# On the topic of sensible date and temperature defaults in applications and websites

Something that can always get me a bit frustrated is the choice of defaults used in applications.

Dates: Aside from Belize, Canada, the Federated States of Micronesia, Palau, the Philippines, and the United States are the only countries using a date format where the month is the first entry, followed by day, and lastly year (mm/dd/yyyy). To put to numbers that’s about 436 million people who use this versus 6.35 billion that don’t (ratio of about 14:1). Of that 6.35 billion about 3.8 billion use a date format where day is first, followed by month, and lastly year (dd/mm/yyyy — ratio of about 9:1 to the month first users). About 1.81 billion use a form where the year is first, followed by month, and lastly day (yyyy/mm/dd, roughly equivalent to ISO 8601 — ratio of about 4:1 to the month first users). (Note: these 1.81 billion have a slight overlap with the 3.8 billion due to some countries having two date formatting forms in use or due to two or more distinct scripts with different date formatting styles.) So using a format where the month is first is only confusing for the majority of the world’s population. If you need a default date, use the ISO 8601 format — not only is it less ambiguous, it also allows for much better chronological sorting.

Temperature: Aside from Belize and the United States (I so far managed to find), the worldwide standard for temperature is Celcius, not Fahrenheit. If you are using Fahrenheit you are putting 6.48 billion people at a disadvantage solely against something like 313 million people. That’s a ratio of about 22:1, meaning you put 22 people at a disadvantage for every one person you are trying to please.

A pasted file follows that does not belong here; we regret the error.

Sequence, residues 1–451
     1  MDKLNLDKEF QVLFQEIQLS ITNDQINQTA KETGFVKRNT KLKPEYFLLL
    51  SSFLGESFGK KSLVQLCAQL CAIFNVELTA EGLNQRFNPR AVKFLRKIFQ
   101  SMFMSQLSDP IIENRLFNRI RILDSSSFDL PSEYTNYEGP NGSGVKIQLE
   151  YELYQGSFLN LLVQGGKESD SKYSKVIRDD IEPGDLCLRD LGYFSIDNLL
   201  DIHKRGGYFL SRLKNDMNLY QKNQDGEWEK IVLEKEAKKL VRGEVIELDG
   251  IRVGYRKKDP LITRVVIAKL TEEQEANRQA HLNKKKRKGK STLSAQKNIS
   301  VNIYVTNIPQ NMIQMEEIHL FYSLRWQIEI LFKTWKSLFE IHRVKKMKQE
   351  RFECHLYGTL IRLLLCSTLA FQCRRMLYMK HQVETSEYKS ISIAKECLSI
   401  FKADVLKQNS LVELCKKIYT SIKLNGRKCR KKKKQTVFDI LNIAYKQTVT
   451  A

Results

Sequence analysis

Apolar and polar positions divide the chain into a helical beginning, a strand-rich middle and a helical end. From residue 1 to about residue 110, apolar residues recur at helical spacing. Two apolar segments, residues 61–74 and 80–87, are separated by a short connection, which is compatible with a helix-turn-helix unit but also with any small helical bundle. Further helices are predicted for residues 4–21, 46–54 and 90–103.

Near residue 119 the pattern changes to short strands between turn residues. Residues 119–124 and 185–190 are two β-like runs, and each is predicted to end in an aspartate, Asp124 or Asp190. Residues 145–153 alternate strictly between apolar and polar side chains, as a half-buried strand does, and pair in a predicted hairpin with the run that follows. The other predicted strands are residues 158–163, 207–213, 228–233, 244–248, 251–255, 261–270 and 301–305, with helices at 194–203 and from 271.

Disclaimer: do note that this of course only makes sense if you are appealing to an international audience. If you are just targetting a specific country you will of course default to what they use. On the other hand, properly fixing your code to be i18n-ready is the way to go anyway.

# Predefined macros

So with the GNU compiler you can use the preprocessor to get a list of the predefined macros:

[code lang="bash"]
$cpp -dM /dev/null [/code] or if you prefer to invoke the preprocessor via gcc itself: [code lang="bash"]$ gcc -dM -E - < /dev/null
[/code]

This should give you a list similar like:

[code lang="c"]
#define __DBL_MIN_EXP__ (-1021)
#define __FLT_MIN__ 1.17549435e-38F
#define __DEC64_DEN__ 0.000000000000001E-383DD
#define __CHAR_BIT__ 8
#define __WCHAR_MAX__ 2147483647
[/code]

For Microsoft’s Visual C++ compiler I have only found pages like:

For Intel’s C++ compiler I found the following page with predefined macros.

And I find this interesting page with a lot of different compilers and their predefined macros to identify them and their versions, if any.

Edit: I also found how to do this with Clang:

[code lang="bash"]
\$ clang -dD -E - < /dev/null
[/code]

# CLDR 1.8 released

On the 17th the Common Language Data Runtime project at Unicode released version 1.8 of the CLDR.

CLDR 1.8 contains data for 186 languages and 159 territories: 501 locales in all. Version 1.8 of the repository contains over 22% more locale data than the previous release, with over 42,000 new or modified data items from over 300 different contributors.